There are six main windows in the room. When visitors look out these windows, they see gardens full of similar foliage and birds, in a complex dialogue with the images in the murals. This dance-like interchange of garden and temple, inner world and outer world, hints at the “play,” or Lila, described in the Lalitavistara Sutra.



A papaya tree flanks an image of the Buddha’s Parinirvana; at the foot of the tree, a fruit, split open, lies on the ground. The fallen fruit evokes the Buddha’s last words, “all compounded phenomena must decay.” In this way, each image in the temple gracefully reveals a connection to the words of the Buddha.


The figures in the murals inhabit a luminous, almost magical atmosphere that conveys an indefinable quality of openness.


“Even if you don’t know the words of the Buddha,” Tsering said, “there is a beautiful sense of space. Kaveri led the artists in creating an infinite horizon.” The perspectival depiction of space, with its infinitely receding horizon, is a Western technique, producing images quite distinct from those found in Tibetan art. And yet these depictions of infinity can speak very powerfully to ideas that are central to Tibetan thought.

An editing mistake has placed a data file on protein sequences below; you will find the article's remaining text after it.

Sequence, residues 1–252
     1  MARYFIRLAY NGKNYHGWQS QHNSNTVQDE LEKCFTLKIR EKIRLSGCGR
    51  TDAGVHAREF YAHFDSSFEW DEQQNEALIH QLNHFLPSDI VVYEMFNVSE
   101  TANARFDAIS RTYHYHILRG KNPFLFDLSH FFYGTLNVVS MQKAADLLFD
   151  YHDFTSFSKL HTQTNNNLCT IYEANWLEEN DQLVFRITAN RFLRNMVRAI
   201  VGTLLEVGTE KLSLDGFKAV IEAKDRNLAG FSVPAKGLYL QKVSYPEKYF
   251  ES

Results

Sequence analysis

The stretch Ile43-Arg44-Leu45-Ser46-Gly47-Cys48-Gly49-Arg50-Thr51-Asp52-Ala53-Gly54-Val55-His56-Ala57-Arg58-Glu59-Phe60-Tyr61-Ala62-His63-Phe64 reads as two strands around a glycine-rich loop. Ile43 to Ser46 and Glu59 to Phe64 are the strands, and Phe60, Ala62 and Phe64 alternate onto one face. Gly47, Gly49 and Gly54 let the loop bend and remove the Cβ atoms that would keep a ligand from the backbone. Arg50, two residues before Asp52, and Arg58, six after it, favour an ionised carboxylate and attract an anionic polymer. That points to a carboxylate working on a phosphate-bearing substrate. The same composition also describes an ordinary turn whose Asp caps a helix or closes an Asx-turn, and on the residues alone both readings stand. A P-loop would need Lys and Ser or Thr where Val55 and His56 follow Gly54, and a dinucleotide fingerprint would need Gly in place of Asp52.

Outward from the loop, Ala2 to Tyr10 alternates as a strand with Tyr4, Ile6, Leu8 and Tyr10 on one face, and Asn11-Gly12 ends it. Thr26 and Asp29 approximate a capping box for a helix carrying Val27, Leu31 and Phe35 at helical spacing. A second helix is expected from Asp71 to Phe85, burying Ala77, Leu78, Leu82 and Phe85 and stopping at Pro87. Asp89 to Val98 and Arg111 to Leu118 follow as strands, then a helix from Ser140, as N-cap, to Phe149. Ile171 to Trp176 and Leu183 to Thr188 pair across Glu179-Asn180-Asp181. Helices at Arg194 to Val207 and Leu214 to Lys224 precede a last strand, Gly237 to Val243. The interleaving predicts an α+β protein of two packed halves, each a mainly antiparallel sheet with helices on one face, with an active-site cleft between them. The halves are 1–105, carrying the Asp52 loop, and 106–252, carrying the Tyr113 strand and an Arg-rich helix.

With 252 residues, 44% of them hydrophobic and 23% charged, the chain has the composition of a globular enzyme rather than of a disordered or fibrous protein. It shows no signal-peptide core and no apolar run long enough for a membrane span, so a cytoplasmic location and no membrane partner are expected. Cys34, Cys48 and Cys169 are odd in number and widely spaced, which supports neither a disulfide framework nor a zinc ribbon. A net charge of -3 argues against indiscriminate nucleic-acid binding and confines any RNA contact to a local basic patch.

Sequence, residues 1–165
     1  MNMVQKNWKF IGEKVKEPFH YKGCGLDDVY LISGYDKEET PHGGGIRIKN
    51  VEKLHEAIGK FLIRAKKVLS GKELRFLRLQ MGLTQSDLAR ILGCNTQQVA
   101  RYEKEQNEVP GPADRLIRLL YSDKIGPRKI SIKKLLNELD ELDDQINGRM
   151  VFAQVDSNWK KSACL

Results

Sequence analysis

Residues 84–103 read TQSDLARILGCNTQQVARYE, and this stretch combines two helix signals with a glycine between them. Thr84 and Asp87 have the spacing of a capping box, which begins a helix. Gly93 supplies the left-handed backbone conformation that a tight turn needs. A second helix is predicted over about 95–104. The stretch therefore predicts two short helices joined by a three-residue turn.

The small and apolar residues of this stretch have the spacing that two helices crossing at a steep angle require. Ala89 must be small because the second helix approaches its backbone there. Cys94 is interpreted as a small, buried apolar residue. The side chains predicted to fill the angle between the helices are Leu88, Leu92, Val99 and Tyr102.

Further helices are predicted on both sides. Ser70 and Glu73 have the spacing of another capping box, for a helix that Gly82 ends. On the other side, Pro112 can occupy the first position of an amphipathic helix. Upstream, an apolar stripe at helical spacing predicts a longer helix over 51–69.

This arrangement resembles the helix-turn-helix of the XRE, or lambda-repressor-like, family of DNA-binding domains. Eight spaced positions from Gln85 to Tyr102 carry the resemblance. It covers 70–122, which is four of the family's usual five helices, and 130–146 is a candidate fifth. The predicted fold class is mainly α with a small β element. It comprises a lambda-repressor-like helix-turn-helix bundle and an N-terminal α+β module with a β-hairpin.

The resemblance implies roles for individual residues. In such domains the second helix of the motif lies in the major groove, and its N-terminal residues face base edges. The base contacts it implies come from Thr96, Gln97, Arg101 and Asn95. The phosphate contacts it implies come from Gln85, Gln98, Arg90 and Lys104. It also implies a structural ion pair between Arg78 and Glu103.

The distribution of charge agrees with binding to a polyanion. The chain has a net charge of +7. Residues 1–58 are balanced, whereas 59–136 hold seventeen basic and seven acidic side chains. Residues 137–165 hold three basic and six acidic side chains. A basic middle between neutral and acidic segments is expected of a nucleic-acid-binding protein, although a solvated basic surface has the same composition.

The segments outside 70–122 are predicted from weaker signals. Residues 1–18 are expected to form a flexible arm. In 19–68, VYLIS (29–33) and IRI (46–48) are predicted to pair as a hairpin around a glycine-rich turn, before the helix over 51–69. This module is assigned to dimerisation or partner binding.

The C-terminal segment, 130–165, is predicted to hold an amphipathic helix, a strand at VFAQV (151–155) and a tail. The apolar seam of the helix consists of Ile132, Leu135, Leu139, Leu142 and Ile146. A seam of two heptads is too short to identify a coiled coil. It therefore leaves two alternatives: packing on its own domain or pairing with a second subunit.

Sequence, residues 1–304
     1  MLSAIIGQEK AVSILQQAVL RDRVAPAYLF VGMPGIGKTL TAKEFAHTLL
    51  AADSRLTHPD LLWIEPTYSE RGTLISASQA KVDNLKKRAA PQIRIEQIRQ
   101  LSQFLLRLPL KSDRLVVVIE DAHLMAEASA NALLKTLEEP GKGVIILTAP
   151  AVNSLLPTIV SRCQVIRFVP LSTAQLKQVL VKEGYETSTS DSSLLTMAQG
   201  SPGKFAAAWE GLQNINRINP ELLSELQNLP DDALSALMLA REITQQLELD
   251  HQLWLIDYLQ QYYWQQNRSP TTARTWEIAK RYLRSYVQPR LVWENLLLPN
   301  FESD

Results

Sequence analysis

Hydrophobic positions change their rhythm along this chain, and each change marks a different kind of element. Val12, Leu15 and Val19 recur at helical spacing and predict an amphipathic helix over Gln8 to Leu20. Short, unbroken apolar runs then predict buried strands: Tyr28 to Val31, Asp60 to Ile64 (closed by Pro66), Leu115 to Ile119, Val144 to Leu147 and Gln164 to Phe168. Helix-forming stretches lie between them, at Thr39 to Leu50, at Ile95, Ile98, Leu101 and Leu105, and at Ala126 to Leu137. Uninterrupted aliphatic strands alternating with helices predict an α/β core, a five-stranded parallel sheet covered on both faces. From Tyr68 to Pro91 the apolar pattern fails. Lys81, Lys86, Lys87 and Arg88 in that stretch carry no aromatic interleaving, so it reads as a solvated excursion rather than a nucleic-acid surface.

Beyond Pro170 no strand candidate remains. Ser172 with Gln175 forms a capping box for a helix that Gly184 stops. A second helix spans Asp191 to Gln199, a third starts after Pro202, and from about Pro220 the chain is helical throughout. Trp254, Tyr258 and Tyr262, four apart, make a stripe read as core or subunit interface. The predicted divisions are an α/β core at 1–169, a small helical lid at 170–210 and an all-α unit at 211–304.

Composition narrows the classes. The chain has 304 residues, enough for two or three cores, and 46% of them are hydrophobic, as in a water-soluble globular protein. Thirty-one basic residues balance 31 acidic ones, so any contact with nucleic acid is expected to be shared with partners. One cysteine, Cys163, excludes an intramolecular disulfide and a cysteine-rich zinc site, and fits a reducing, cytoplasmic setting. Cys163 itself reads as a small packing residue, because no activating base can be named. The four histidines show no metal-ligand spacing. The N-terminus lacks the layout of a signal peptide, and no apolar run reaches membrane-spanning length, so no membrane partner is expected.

“A great meditation practitioner visited the hall, and when he saw the murals, he said to me: ‘this is what my master told me to do – look at places with infinite horizons.’”


But the messages on the walls of the temple are not meant only for Buddhist practitioners. At SINI, Tsering and Kaveri have sought to create a space that invites contemplation and offers deep refreshment and healing, regardless of religious background.


“Beauty isn’t defined, owned, or controlled by any religion,” Tsering said. “It belongs to all sentient beings. It connects you to the best in your own life, and the lives of others. At its best it embodies the harmony of the inner and outer world.”